Governor Pat McCrory and legislative leaders are hoping you just look at the headlines this week about teacher pay and don’t actually read the stories about their education plan or talk to your child’s teacher about it.
“Plan touts teacher raise” was the News & Observer front page headline. “McCrory: Increase teacher base pay $4,200” was the way the Charlotte Observer put it. You might think that McCrory was giving every teacher a raise, long overdue in North Carolina as the state ranks near the bottom of the 50 states in how much teachers make.
But you’d be wrong. McCrory is not proposing to give all teachers a well-deserved salary increase. He only wants to raise the pay of starting teachers and those who have spent only a few years in the classroom. That means veteran teachers, as many as 60,000 of them, would get nothing under McCrory’s plan—nothing.
The base pay for starting teachers would increase from the current $30,800 to $33,000 next year and $35,000 the year after that.
The pay for a hardworking high school chemistry teacher who has been in the classroom for 12 years would remain the same.
So would the salary for a second grade teacher who has been helping kids learn to read for 15 years. No raise, and by the way, the teacher assistant who used to be there to help until her job was eliminated last year by McCrory’s budget, she won’t be coming back either.
The veteran second grade teacher is on her own with no teacher assistant and no pay increase. And there’s a good chance there won’t be enough math or spelling books to go around.
Textbooks cost anywhere from $35-$85. The budget signed by Governor McCrory last year provides a total of $15 per student for textbooks.
There’s a good chance that the high school chemistry teacher has more students this year than last, as lawmakers slashed funding for teacher positions and told local school systems they could make up the difference by increasing class sizes.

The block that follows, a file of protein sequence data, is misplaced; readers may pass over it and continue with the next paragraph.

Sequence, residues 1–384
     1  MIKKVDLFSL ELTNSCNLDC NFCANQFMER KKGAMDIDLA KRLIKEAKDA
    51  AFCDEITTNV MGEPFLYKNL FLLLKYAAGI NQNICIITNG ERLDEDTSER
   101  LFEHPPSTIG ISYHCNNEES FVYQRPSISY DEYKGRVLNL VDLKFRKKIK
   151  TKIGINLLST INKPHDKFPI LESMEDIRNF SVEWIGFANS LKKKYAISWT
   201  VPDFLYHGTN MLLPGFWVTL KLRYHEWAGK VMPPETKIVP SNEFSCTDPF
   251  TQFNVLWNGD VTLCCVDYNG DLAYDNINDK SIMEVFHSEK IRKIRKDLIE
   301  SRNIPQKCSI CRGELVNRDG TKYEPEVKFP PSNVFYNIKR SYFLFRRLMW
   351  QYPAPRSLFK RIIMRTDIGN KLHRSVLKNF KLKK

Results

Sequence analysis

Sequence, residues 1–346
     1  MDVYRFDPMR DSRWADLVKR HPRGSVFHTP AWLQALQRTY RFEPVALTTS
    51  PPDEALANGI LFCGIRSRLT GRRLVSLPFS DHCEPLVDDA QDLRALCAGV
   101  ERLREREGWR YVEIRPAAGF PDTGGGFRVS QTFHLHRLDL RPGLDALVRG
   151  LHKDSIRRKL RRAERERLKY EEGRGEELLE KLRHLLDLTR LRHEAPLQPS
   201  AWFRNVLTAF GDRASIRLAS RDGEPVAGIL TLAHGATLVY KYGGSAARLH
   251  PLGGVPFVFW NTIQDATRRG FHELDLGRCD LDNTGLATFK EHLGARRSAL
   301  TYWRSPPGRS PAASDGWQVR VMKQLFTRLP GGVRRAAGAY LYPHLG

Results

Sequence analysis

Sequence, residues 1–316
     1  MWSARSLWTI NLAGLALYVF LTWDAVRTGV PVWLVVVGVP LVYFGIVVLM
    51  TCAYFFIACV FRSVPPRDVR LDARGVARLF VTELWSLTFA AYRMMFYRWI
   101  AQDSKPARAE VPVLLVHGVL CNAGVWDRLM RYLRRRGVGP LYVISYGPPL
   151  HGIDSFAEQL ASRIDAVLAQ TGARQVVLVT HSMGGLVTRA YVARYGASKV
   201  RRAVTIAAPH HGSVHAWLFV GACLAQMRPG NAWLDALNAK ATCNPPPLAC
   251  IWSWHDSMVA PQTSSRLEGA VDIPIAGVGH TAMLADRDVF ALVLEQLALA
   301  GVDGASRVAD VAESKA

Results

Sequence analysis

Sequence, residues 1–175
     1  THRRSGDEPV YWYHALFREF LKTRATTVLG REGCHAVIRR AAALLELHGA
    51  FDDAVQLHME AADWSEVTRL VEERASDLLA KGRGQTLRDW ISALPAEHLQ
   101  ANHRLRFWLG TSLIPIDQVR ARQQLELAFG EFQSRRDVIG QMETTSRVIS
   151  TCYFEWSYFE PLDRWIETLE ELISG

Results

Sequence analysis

And it’s certain that the students struggling in the second grade or in high school chemistry won’t have a counselor to turn to if they have serious problems and it’s likely a school nurse won’t be around if they get sick.
Both teachers will have to reach deeper into their own pockets to buy supplies. Not only did McCrory’s budget cut funding for supplies, it eliminates a state tax break teachers received when they were forced to buy supplies on their own.
Teachers in North Carolina at least used to have chances for professional development, to talk to their peers about how to do their jobs better and how to cope with dwindling budgets and larger classes.
But McCrory’s Republican colleagues in the General Assembly wiped out most of the funding for professional development. Teachers are on their own now.
And they can’t even be sure they’ll have a job next year. McCrory and legislative leaders ended career status for teachers too and replaced it with temporary contracts with varying lengths based on vague criteria that have teachers and administrators confused.
Even an across the board salary increase wouldn’t address all of that but it would at least be a start. A salary increase that leaves 65,000 veteran hardworking teachers out in the cold certainly doesn’t do much to boost the morale of the state’s teacher corps.
Rep. Rick Glazier’s reaction to McCrory’s anemic proposal was to point out that any salary plan should be fair, sustainable and comprehensive. McCrory’s is none of those. And it does nothing to address the massive budget cuts in the last few years that make it more difficult for all teachers to do their jobs.
That’s why he wants you to just read the headlines.